Obamacare Premiums Are Down and Consumer Choice Is Up

The open enrollment period begins November 1.

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With Obamacare open enrollment starting November 1, people looking to buy health insurance can expect lower premiums and a greater selection of insurers to choose from overall. Despite President Donald Trump’s efforts to curtail the Affordable Care Act—and a lawsuit that threatens the future of Obamacare—the 2020 market shows signs of increasing stability.

While the market was initially characterized by volatility, it’s now starting to stabilize, according to Cynthia Cox, vice president at the Kaiser Family Foundation. Many insurers set their prices too low when they first entered the market—the exchanges where individuals can purchase insurance plans each year—and they were forced to leave when they were unable to profit. To make the situation worse, most co-op health plans lacked the funding needed to be viable and were forced to close shop.

That trend has reversed in 2019 and 2020, with premiums slightly decreasing. “It’s not a dramatic change,” says Cox, “but it’s going in the right direction.” This year’s lower premiums suggest that insurers have priced their plans in such a way that they’re profitable, Cox says. The relative stability in the marketplace has also caused insurers to re-enter markets and expand into new territory, giving consumers more choice, according to Kathy Hempstead, the author of a new study on marketplace volatility released by the Robert Wood Johnson Foundation.

Hempstead’s study highlights which counties across the country experienced the most dramatic fluctuations in insurer participation between 2015 and 2020. Certain metro areas, such as Nashville, Phoenix, and Atlanta, have seen many carrier changes, in part because they’re so desirable to insurers. These counties were initially served by many different insurers, who sometimes priced too low and were forced to exit the market. However, new insurers continue to enter these areas due to population growth, high populations of people who are uninsured or self-employed, or low hospital concentrations. The exact reasons for this volatility are unclear, Hempstead says, but “it’s interesting to figure out what it is…that has made so many carriers interested in serving those markets.” The map from RWJF below shows where in the country markets have been particularly volatile.

Robert Wood Johnson Foundation

More counties will see an increase in insurers in 2020, Cox says, although many parts of the country will see no change between 2019 and 2020. Hempstead suggests that increased insurer participation could reflect the appeal of a direct-to-consumer market, on which many Democratic presidential candidates’ health care reform plans are based.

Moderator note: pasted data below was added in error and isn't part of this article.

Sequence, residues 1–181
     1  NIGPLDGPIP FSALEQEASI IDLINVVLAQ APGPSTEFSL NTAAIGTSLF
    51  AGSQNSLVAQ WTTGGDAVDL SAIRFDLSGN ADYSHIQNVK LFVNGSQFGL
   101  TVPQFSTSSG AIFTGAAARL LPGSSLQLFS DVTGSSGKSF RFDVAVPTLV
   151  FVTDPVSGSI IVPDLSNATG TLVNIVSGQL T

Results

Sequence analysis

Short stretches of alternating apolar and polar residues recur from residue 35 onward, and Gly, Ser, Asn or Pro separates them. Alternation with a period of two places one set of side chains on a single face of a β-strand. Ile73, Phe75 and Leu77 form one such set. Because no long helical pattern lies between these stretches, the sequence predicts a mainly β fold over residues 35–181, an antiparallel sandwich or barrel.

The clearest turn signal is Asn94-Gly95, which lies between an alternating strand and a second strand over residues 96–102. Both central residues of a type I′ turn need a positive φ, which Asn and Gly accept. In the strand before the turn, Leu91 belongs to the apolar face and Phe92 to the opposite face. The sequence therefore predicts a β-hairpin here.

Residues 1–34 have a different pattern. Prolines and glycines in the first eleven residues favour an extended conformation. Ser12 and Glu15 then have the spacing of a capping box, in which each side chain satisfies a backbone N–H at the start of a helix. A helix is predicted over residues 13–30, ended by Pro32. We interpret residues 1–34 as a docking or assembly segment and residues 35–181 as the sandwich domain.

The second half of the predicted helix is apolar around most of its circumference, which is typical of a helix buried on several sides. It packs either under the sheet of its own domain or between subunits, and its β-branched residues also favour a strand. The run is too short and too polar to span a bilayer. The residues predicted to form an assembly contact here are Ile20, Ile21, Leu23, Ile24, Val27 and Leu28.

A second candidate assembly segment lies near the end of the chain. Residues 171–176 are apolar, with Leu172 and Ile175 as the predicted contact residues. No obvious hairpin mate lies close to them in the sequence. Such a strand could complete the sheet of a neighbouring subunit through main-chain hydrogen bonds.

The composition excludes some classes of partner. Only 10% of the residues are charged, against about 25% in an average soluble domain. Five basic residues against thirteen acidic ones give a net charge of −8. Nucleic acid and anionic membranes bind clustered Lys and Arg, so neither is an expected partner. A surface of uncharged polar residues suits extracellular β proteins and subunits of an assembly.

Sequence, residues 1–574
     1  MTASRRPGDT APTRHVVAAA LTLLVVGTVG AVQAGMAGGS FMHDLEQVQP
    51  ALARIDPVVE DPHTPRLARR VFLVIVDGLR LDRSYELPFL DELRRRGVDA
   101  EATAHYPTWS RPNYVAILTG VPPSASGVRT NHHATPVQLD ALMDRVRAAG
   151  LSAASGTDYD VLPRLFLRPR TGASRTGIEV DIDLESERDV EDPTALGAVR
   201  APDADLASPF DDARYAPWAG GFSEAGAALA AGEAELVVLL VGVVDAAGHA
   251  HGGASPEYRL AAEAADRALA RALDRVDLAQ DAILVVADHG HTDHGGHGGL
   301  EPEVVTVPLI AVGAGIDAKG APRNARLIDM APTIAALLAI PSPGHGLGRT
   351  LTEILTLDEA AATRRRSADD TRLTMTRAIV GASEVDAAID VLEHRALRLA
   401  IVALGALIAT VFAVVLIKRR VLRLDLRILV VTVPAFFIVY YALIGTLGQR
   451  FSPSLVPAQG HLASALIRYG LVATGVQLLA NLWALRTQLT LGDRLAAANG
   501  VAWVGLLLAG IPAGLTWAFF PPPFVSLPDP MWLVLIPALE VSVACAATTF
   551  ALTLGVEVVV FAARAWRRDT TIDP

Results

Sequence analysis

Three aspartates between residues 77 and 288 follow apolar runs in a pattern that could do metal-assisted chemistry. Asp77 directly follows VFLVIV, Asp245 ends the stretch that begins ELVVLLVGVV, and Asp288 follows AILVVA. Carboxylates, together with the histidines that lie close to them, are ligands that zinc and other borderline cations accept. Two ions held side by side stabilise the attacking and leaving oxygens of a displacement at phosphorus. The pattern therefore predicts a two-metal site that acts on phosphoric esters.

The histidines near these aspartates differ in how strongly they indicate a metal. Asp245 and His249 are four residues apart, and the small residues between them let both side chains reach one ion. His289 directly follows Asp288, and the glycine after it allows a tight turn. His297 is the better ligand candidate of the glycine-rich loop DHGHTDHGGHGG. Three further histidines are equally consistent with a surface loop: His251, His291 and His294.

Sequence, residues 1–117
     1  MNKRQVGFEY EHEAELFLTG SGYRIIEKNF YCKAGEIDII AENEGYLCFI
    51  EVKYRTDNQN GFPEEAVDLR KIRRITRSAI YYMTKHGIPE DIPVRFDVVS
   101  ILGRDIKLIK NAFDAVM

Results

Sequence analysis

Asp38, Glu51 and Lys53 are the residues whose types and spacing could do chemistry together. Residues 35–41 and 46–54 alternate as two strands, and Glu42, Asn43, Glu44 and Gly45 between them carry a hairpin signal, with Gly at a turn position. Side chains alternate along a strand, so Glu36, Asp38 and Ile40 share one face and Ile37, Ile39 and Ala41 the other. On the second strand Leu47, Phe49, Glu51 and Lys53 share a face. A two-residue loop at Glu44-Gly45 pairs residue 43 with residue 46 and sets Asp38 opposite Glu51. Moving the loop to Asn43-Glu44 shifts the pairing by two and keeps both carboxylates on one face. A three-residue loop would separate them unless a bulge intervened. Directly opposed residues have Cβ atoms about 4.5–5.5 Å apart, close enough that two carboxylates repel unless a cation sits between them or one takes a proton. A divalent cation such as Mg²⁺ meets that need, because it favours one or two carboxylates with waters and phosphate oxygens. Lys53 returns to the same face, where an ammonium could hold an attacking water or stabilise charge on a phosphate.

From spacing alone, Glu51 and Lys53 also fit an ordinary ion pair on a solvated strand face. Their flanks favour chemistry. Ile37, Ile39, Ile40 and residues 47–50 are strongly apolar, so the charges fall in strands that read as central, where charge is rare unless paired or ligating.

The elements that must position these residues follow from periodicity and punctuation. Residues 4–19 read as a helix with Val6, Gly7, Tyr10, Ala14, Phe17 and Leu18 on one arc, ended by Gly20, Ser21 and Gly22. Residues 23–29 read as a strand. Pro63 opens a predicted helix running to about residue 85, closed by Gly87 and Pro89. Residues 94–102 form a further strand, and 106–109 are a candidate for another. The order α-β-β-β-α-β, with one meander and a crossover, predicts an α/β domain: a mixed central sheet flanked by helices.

“It could be that carriers are sort of thinking the long game is markets like this, so let’s get into the ACA even if we’re not gonna make a boatload of money,” Hempstead says. Insurers’ interests aside, “it’s definitely better for consumers to have more people competing for their business.”

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SIX TRUTHS

Reclaiming power from those who abuse it often starts with telling the truth. And in "This Is How Authoritarians Get Defeated," MoJo's Monika Bauerlein unpacks six truths to remember during the homestretch of an election where democracy, truth, and decency are on the line.

Truth #1: The chaos is the point.

Truth #2: Team Reality is bigger than it seems.

Truth #3: Facebook owns this.

Truth #4: When we go to work, we're in the fight.

Truth #5: It's about minority rule.

Truth #6: The only thing that can save us is…us.

Please take a moment to see how all these truths add up, because what happens in the weeks and months ahead will reverberate for at least a generation and we better be prepared.

And if you think journalism like Mother Jones'—that calls it like it is, that will never acquiesce to power, that looks where others don't—can help guide us through this historic, high-stakes moment, and you're able to right now, please help us reach our $350,000 goal by October 31 with a donation today. It's all hands on deck for democracy.

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